I called the after hour nurse line, left my information and was told I would receive a call from the on-call nurse soon. When 30 minutes passed without a call and bedtime was creeping nearer, I put P in her carseat and headed to our neighborhood urgent care, only to find that it had closed twenty minutes earlier at 7:00 p.m. I drove back home, sitting in the driveway and discussing what to do next with Hubby when my phone rang. It was the on-call nurse, and she knew just what to do.

“You know how I got the bead out?” I said, smiling at the memory. “I had to plug the nostril that didn’t have the bead in it, then I told P that the nurse said I had to give her a special kiss to get it out. And I put my mouth over hers and blew as hard as I could. And PING! The bead shot out of the nose! It was amazing!”

“Seriously?!” C couldn’t believe it.

“Yes, seriously, it was so cool!” But even better is that fact that I’ve never had to use that trick again.

Mrs. Wishy Washy

There are two weeks left of school…the time of year when we cram as much fun into each day as possible in an effort to keep kids and adults alike engaged. Field day, writing celebrations, class plays, outdoor lessons, awards assemblies, and spirit week. Each day this week has a different theme, and today’s was my favorite of them all: book character day.

Last night I pulled my blue dress from the closet and laid my red shoes out by the front door. I folded my red and white apron into my school bag and tried to remember what I usually use for a head wrap, finally concluding that last time (was it two or three years ago?) I had borrowed a bandana from my work partner. Unfortunately, she is not a night owl like me and was most certainly already fast asleep. No problem, I thought. I’ll find something.

I went downstairs with the intention of getting a white shirt from my husband to cut up, but decided to check the fabric bag just in case. Lucky for me, I found a big square of leftover curtain lining that would do the job perfectly. I added it to my school bag and stepped back. All ready!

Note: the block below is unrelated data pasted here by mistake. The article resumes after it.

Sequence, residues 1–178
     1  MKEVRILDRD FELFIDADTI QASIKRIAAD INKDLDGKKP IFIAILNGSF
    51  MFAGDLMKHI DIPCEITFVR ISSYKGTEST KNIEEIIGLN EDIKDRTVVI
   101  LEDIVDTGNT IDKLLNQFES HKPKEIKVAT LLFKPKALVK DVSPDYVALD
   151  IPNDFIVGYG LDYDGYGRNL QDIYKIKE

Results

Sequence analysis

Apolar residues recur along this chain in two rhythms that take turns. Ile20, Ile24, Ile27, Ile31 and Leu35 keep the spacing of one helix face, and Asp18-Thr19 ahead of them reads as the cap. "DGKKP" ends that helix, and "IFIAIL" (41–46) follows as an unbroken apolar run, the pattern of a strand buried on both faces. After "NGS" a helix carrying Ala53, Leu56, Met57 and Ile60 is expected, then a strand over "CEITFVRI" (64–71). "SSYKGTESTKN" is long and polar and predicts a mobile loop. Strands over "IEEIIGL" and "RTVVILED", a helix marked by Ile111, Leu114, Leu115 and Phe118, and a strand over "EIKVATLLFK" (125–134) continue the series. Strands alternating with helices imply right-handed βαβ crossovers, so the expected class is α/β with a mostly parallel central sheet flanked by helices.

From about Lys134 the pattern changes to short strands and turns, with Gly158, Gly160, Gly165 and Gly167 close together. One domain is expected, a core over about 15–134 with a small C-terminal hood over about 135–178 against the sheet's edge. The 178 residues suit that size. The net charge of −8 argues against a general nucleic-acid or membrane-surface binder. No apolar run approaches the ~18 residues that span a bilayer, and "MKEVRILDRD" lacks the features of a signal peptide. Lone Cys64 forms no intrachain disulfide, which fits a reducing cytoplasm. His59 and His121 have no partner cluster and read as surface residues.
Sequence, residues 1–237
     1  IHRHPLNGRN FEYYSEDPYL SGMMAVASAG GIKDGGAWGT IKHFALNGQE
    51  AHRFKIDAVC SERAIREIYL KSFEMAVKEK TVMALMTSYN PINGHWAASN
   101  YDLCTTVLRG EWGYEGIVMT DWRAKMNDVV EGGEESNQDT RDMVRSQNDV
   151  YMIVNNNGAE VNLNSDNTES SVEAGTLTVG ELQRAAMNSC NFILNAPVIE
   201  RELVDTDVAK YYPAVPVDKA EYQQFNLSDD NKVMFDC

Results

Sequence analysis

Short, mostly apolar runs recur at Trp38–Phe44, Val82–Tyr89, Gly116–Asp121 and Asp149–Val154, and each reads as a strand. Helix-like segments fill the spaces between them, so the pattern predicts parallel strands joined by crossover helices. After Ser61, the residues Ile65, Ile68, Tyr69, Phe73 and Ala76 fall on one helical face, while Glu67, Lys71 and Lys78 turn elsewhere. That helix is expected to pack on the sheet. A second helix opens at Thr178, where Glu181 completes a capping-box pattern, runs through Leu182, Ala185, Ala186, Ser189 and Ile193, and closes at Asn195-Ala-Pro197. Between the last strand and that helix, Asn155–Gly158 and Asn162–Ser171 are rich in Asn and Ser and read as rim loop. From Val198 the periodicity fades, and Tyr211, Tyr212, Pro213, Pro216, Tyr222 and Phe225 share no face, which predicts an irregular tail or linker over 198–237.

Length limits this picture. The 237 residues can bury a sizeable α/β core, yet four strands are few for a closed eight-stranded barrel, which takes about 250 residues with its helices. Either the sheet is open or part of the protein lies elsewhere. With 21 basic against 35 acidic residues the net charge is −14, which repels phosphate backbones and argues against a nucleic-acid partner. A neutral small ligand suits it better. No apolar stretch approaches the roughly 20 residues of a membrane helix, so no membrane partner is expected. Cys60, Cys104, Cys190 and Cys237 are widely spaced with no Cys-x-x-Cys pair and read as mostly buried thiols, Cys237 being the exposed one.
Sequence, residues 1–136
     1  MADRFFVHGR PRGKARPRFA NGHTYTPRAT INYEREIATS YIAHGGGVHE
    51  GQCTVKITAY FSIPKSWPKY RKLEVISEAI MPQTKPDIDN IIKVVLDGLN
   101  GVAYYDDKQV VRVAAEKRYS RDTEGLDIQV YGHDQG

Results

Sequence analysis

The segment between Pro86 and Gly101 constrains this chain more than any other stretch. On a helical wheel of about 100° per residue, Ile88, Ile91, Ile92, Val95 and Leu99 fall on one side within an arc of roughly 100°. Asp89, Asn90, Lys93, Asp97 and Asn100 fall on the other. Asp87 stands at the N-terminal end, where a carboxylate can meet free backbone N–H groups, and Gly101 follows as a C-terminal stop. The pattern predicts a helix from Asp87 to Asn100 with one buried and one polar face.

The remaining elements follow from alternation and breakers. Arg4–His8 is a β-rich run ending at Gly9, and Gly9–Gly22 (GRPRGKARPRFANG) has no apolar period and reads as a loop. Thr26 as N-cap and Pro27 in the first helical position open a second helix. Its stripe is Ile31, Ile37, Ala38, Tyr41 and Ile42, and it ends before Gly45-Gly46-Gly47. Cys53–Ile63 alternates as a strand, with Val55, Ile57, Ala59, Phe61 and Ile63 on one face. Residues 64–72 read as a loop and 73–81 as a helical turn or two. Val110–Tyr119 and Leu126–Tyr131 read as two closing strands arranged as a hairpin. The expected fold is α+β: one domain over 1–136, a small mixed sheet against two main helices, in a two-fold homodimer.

This morning I arrived at school in my blue dress and red shoes. In my office I tied on my apron and head scarf before heading down to my morning duty spot.

Arrival time was bubbling with excitement as students and teachers admired the boundless creativity on display. Students came dressed as princesses, fairy tale creatures, anime characters, lots of Harry Potters, and super heroes. Teachers were dressed as Cruella Deville, Carmen Sandiego, Piggie, and Alice the Fairy. The best, by far, was our assistant principal dressed as Fly Guy. Smiles spread across faces and exclamations of “oh, you’re…” or “who are you?” rang across the entryway and playground.

One of my favorite first graders stopped and stared at me. He spends most of his time in his own world and clearly wasn’t quite comprehending what book character day was all about.

“Why are you dressed like that?” he asked.

“I’m Mrs. Wishy Washy,” I said, pointing to the cover of the book I was holding. His eyes went from the picture to me several times. He still didn’t get it.

“Okay,” he shrugged, then headed off to his line.

I laughed. I love book character day!


Swab both sides. Swirl in the tube. Twist on the cap. Drip, drip, drip.


I set the timer for 15 minutes and watch the liquid slowly seep from right to left across the test window. It’s been two weeks since my seven year old twins tested positive for covid. Two weeks since I’ve been at school. Two weeks since our house divided: infected upstairs, healthy downstairs.

The red line under the “C” starts to darken, but the space under the “T” is still white. Eleven days ago a line appeared almost immediately in that same space after I noticed my throat felt dry and decided to check. Eleven days ago I pulled my blankets up and spent several days sleeping away the tiny virus that I’ve spent the last two years avoiding.

At first I was angry at the friend who kindly shared the virus with our family. We have been above and beyond cautious ever since the pandemic broke out. We have followed all of the rules and guidance and science. Did we really work that hard, just to catch it after two years and three months?

But now that we are safely on the other side, mild symptoms behind us, I feel relieved. Like a weight has been lifted from my shoulders. The low-level anxiety that has hung like fog in my mind for more than two years has dissipated. The timing couldn’t be better, really. Now we have a little extra protection for a few months, gifting us a more carefree summer. I already have a list in my mind of places I want to go, all the places I’ve been avoiding. This summer is going to feel “normal.”

Dah-dah-dah-duh. Dah-dah-dah-duh. Dah-dah-dah-duh.